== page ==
Changes in Defence Land Policy First time in 250 Years
A policy on tinkering with defence land in India for any purpose other than the military has been a strict no-no since the British set up the first cantonment in Bengal’s Barrackpore in 1765. As per the East India Company’s Governor General-in-Council orders: “No bungalows and Quarters at any of the Cantonments shall be allowed to be sold or occupied by any person who does not belong to the Army”.
The government has now approved new rules that allow equal value infrastructure (EVI) development for armed forces in lieu of the land procured from them. The new rules come ahead of a series of defence land reforms that is under consideration of the government, which is also working towards finalising a Cantonment Bill 2020, aiming to provide for development in cantonment zones, considered virtually sacrosanct till now.
According to Ministry of Defence (MoD), defence land needed for major public projects – like building of metro, roads, railways, and flyovers – could only be exchanged for land of equivalent value, or after payment of market prices. Under the new rules, eight EVI projects have been identified, which the acquiring party can provide infrastructure for in coordination with the concerned Service.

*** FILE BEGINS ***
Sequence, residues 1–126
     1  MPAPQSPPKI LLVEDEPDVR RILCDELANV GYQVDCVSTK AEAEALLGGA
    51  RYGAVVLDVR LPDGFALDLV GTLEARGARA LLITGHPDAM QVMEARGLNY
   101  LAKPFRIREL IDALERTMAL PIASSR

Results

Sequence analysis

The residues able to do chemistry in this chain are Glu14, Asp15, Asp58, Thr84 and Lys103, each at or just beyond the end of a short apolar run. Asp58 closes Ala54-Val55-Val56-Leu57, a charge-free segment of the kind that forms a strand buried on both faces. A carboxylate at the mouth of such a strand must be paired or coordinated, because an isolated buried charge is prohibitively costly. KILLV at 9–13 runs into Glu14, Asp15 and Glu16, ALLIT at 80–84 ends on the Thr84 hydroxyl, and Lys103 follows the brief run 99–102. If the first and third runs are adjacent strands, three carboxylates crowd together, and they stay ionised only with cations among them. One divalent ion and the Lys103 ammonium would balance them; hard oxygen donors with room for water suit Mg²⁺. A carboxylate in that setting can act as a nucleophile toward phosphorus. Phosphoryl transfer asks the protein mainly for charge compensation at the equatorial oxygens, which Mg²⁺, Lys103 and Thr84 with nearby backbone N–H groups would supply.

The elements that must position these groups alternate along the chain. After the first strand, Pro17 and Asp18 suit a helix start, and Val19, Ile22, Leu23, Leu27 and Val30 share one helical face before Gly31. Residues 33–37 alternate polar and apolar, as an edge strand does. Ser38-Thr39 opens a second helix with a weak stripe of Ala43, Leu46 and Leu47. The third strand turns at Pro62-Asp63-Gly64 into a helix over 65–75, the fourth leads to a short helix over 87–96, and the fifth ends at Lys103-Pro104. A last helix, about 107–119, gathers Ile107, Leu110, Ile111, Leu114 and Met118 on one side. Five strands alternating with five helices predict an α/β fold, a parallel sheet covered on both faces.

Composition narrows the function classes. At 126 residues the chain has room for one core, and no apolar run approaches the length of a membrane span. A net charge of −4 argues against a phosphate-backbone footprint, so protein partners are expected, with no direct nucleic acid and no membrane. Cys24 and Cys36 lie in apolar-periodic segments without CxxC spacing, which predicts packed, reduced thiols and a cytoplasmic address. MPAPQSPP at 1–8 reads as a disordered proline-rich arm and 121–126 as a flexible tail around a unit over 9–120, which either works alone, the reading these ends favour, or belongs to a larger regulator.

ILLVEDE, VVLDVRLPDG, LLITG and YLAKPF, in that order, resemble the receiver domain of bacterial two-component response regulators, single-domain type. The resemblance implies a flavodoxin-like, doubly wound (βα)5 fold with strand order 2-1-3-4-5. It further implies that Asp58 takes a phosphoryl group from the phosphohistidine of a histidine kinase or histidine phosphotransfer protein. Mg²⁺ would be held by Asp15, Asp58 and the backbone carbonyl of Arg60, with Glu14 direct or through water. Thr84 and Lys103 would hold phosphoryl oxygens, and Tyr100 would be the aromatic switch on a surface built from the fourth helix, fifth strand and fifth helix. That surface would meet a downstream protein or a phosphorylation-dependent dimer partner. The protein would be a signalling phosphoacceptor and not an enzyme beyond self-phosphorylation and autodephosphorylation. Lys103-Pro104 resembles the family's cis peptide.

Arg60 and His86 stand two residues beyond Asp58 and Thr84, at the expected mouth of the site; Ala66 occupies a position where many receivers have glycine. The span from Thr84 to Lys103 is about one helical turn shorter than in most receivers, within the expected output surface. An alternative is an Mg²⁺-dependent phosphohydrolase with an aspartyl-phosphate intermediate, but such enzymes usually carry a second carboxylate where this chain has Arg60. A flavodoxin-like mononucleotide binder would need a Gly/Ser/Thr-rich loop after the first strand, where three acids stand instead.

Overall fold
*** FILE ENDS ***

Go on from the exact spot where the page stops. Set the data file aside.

They include building units and roads, among other projects. According to the new regulations, the value of land would be determined by a committee headed by the local military authority – in cases under cantonment zones. For land outside cantonments, the district magistrate will decide on the rate.
There are connected moves on the governmental chessboard as well. The Ministry of Finance (MoF) has pegged monetising defence land as the only way to generate revenue for the proposed non-lapsable modernisation fund. A draft cabinet note on setting up the defence modernisation fund is currently undergoing inter-ministerial consultations, and a final decision is expected soon, following which it will be placed before the Union cabinet for approval.
All along the GT Road – from Delhi to Peshawar for instance – there are camping grounds and old depots that are not in use any longer, built by the British Indian Army during the Second World War when troops had to be moved from one place to the other. You can monetise the land if the army is not using it and provided, they are given alternate land. But in his reckoning, the estimated money that the government may earn from monetisation of land would barely suffice. The Department of Military Affairs (DMA), headed by Chief of Defence Staff (CDS) Gen. Bipin Rawat, had told the government last year that proceeds from defence land monetisation would be hardly adequate to meet the armed forces’ requirements.